Warren Mills writes:

I think the salient point here is not whether happiness is a relative thing, but the idea that is often posited that it should be gauged in terms of others' belongings. In fact, I would argue economic status does not prove happiness any more than it disproves it. Is wealth and resources a factor of happiness? Yes, but only so far as someone does or does not have what they want; not because they have less or more than others.

If happiness was largely determined on relative wealth we would have situations where an individual could be completely unhappy at his/her home in the Hampton's because they are on the "poorer" end of the scale, but completely content when they leave their surroundings and are among those with lower incomes. This is not only an absurd notion, but could have a substantial psychological impact on an individual by them often entering and exiting happiness based merely on the wealth (or lack) of those around them.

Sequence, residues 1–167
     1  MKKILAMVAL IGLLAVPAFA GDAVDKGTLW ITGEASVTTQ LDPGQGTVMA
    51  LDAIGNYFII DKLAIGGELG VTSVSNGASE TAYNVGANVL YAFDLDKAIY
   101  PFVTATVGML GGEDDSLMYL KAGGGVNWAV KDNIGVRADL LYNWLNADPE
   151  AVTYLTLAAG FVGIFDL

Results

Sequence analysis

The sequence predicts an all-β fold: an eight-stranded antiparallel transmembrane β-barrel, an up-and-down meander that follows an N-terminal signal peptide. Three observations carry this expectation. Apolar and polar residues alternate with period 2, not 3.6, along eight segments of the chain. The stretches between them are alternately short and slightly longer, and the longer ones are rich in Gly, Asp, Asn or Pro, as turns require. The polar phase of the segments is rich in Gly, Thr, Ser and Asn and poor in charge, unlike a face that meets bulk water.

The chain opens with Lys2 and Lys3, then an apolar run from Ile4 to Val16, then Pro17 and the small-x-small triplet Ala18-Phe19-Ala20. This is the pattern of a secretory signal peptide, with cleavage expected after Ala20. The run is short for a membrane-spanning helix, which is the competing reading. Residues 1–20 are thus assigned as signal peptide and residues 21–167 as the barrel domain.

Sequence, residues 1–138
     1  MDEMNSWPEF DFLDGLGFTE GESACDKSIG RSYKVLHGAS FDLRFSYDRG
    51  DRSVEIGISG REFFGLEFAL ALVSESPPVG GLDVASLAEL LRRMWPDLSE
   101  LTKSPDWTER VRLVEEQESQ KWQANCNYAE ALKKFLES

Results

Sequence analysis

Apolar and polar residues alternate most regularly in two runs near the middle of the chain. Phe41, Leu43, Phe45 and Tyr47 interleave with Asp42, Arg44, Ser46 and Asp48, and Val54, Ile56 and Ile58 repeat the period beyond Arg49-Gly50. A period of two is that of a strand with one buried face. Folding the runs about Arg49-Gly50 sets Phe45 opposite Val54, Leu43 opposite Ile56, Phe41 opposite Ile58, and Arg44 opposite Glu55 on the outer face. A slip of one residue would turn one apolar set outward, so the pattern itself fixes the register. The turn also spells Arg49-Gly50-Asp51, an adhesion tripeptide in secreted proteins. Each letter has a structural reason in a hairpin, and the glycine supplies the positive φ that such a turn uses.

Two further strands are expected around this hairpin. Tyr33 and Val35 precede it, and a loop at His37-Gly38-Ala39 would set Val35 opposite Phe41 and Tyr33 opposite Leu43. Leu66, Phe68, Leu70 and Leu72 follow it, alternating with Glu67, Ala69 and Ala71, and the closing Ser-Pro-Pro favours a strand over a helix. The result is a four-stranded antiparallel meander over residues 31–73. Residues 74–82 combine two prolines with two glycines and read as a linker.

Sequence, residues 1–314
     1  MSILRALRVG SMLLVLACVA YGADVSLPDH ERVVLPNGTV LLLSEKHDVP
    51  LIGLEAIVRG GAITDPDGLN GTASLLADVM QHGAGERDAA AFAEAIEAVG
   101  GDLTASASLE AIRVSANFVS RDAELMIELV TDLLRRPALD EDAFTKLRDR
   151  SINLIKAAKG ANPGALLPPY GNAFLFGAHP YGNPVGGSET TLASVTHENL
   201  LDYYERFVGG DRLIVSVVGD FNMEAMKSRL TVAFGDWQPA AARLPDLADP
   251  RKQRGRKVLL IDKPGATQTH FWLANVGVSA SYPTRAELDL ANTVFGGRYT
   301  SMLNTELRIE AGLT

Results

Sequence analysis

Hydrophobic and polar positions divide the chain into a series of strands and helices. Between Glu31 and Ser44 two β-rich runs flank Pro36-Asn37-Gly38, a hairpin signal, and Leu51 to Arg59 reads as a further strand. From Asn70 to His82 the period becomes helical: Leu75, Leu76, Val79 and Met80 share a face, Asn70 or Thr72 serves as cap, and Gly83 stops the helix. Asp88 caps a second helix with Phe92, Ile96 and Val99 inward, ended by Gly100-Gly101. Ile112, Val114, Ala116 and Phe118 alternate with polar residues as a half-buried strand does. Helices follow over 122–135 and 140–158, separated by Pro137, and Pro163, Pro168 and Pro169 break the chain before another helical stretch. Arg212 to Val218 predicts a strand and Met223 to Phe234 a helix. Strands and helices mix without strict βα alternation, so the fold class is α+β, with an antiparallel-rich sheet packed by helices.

john hare writes:

I think the problem inherent in the relative wealth and redistribution positions is that statistically the poor will always be among us. 50% of all Americans are earning less than the national average and we have to address this inequality!!!

Just for a minute cast yourself into the position of a 2013 'poor' family transported back to 1950 with their house and all their gear. Computer, cell phone, and big screen are almost worthless with no support system, but would be priceless if operable. Fresh fruits and vegetables available year around would be missed. The car would be massively safer and more comfortable than those of the 1950 gazzilionairs. Air conditioning had a different meaning and the cheap 2013 running shoes would be marvels of the day in 1950.

I am personally grateful for what we have today, and happy for the lifestyle that will be available to my grandchildren.

Philo writes:

“And so it shall remain.” Too bad. I was hoping you would give a thoughtful answer.

Philo writes:

. . . not biographical details, of course, but rather a specification of your implicit baseline.

David R. Henderson writes:

not biographical details, of course, but rather a specification of your implicit baseline.